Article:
Other collection of Aesop’s fables were composed in verse. Such were the Greek compendium by Babrius and the Latin by Phaedrus both of which offered the story as an object lesson about the perils intrinsic to the female sex. To be sure, Babrius introduces the male hero by mocking him for his mid-life crisis, still pursuing liaisons and carousals that were inappropriate to his mature age. However, the main focus soon turns to the women themselves who by their selfish interferences have succeeded in leaving each other a bald lover. Aesop’s stated purpose in telling this fable is “to demonstrate how pathetic is a man who becomes a victim of women. They are like the sea—first it laughingly entices them, and then it smothers them.”

Phaedrus’ fable is even more aggressive in its hostility to the unfair sex. The moral, set forth at the outset, is that “men are always fleeced by women, whether they are the lovers or the beloved.” The older sweetheart is painted as a “cougar,” a seasoned temptress who has mastered the cosmetic ploys for concealing her advanced age. In this version, the sweet young thing is impelled not so much by a desire to make her boyfriend seem more youthful, but because she wants to appear closer to his age. The narrative also deals with the question of how the plucking was accomplished without the man protesting. It was not (as I would have imagined it) that the ladies went about their shearing while their victim was asleep--rather, they were able to persuade him that he was being pampered and coiffed.

When I compare the Talmud’s use of the fable to the competition, I find it more satisfying from a number of perspectives. The fact that the ménage à trois has been domesticated into a family setting is perhaps the least of its virtues. On the whole, Rabbi Isaac’s terse reticence about the characters’ motives comes across as refreshingly non-judgmental, so that the anecdote radiates a gentle and whimsical humor. The husband is not censured as an aging playboy or ridiculed for his fickleness or his poor choice or mates. Nor are the wives taken to task for marrying outside their appropriate ages, nor for their vanity or for any of the numerous other faults that Aesop’s transmitters found in their personalities. The fact that we are not told about their underlying motives implies that these should not be our main concern. The tragedy (and a rather innocuous one at that) was occasioned not by the characters’ failings, but by the predicament itself. The fable thus functions as a general lesson about intractable stalemates of any sort, and is not specifically addressing marital harmony or male-female relationships. Unlike the Greek and Roman versions, it certainly does not contain a blanket vilification of the female populace.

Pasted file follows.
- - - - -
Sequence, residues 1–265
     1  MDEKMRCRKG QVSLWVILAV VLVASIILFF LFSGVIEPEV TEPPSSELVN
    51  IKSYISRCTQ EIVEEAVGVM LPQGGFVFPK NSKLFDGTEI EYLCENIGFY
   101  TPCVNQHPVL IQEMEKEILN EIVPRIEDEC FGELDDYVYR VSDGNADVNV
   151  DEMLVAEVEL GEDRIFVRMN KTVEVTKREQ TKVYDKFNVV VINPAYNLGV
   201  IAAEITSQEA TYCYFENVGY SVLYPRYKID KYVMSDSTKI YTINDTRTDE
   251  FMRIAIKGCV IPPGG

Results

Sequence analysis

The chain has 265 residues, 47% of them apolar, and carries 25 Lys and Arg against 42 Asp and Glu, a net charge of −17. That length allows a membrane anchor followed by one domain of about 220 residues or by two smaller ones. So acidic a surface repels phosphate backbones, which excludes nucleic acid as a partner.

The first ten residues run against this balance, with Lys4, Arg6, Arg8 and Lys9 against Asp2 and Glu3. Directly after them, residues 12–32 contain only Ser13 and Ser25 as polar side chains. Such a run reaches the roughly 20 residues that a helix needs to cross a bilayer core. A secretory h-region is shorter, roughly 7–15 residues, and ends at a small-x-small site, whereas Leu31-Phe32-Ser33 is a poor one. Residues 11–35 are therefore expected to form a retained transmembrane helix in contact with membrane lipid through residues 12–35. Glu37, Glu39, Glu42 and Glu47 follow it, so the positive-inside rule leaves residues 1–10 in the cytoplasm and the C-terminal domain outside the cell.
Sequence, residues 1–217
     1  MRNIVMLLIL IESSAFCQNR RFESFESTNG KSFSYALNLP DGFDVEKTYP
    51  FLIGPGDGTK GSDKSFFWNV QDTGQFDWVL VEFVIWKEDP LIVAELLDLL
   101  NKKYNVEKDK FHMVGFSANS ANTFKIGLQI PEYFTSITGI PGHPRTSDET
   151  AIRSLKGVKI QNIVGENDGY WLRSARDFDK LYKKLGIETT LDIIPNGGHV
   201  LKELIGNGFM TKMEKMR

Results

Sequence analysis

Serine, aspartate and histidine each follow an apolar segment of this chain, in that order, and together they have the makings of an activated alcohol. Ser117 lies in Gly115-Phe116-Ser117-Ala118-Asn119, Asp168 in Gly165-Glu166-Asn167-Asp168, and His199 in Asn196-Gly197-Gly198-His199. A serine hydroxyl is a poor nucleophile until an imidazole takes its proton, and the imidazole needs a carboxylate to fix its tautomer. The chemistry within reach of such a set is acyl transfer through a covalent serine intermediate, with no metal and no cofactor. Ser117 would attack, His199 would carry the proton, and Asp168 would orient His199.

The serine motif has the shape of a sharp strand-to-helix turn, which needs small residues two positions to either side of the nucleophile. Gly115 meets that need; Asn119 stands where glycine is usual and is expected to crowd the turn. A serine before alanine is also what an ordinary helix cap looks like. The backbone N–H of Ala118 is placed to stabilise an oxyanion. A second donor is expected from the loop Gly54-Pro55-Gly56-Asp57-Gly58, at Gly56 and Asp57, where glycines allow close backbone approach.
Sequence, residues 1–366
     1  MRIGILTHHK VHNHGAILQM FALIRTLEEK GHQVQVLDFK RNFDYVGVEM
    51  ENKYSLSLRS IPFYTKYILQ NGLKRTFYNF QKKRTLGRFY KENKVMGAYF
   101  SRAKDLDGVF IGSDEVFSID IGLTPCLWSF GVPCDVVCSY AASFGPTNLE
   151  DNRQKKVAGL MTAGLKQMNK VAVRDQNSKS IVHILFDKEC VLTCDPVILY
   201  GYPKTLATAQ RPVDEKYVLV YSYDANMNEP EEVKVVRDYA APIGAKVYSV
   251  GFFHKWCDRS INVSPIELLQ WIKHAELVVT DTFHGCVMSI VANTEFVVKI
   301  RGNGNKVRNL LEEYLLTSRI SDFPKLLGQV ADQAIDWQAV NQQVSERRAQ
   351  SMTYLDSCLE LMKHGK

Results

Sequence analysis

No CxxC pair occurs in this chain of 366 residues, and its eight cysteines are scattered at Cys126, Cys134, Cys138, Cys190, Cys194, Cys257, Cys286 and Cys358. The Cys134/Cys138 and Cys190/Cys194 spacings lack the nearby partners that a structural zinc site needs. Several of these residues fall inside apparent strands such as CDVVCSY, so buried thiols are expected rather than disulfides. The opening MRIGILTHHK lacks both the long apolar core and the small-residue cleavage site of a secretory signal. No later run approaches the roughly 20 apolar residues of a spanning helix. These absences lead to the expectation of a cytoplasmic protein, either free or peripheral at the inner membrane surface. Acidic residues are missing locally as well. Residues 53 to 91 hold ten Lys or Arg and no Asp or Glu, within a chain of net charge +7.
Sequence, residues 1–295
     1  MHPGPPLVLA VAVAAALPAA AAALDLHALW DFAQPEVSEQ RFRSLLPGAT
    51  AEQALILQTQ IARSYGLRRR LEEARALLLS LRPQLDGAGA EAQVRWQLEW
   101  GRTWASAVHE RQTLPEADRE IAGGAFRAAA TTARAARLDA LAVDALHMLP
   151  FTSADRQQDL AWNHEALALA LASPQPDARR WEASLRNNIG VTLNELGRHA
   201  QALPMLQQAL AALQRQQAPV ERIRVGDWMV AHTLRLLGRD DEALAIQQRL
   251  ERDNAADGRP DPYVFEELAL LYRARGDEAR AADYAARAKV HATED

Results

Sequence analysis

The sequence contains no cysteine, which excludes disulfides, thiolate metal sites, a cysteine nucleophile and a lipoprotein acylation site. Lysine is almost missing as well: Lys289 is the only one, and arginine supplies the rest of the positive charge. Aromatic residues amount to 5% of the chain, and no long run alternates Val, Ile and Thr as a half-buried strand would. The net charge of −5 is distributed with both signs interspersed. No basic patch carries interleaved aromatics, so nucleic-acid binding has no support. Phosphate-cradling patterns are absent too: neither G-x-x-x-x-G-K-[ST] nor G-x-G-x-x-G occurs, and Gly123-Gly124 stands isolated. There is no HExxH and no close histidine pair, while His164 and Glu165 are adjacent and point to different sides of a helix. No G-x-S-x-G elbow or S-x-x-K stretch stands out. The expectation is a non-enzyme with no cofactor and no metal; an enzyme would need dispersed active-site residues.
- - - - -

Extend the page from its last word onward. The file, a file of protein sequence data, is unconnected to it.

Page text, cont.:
In the end, what I find most remarkable about all this is how effectively the Talmud has taken a story that originated in a foreign culture and reflects alien values and conventions, and successfully transformed it into a consummately Jewish fable, one that speaks to some central institutions of rabbinic culture, such as marriage and the vigorous dynamics of Torah study.

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  • First Publication:
    • The Jewish Free Press, Calgary, October 28, 2011, p. 9.
  • For further reading:
    • Friedman, Shamma. “The Talmudic Proverb in Its Cultural Setting.” Jewish Studies: An Internet Journal; 2 (2003): 25-82.
    • Maciá, Lorena Miralles. “The Fable of ‘the Middle-Aged Man with Two Wives’: From the Aesopian Motif to the Babylonian Talmud Version in b. B. Qam. 60b.” Journal for the Study of Judaism; 39 (2008): 267-281.
    • Schwarzbaum, Haim. “Talmudic-Midrashic Affinities of Some Aesopic Fables.” In Proceedings of the Fourth International Congress for Folk-Narrative Research, edited by G. Megas, 466-483. Athens, 1965.
    • Stern, David. Parables in Midrash: Narrative and Exegesis in Rabbinic Literature. Cambridge, MA: Harvard University Press, 1991.
    • ———. “The Rabbinic Parable and the Narrative of Interpretation.” In The Midrashic Imagination: Jewish Exegesis, Thought, and History, edited by Michael Fishbane, 78-95. New York: State University of New York Press, 1993.
    • Yassif, Eli. “Jewish Folk Literature in Late Antiquity.” In The Cambridge History of Judaism: The Late Roman-Rabbinic Period, edited by Steven T. Katz, 721-748. Cambridge: Cambridge University Press, 2006.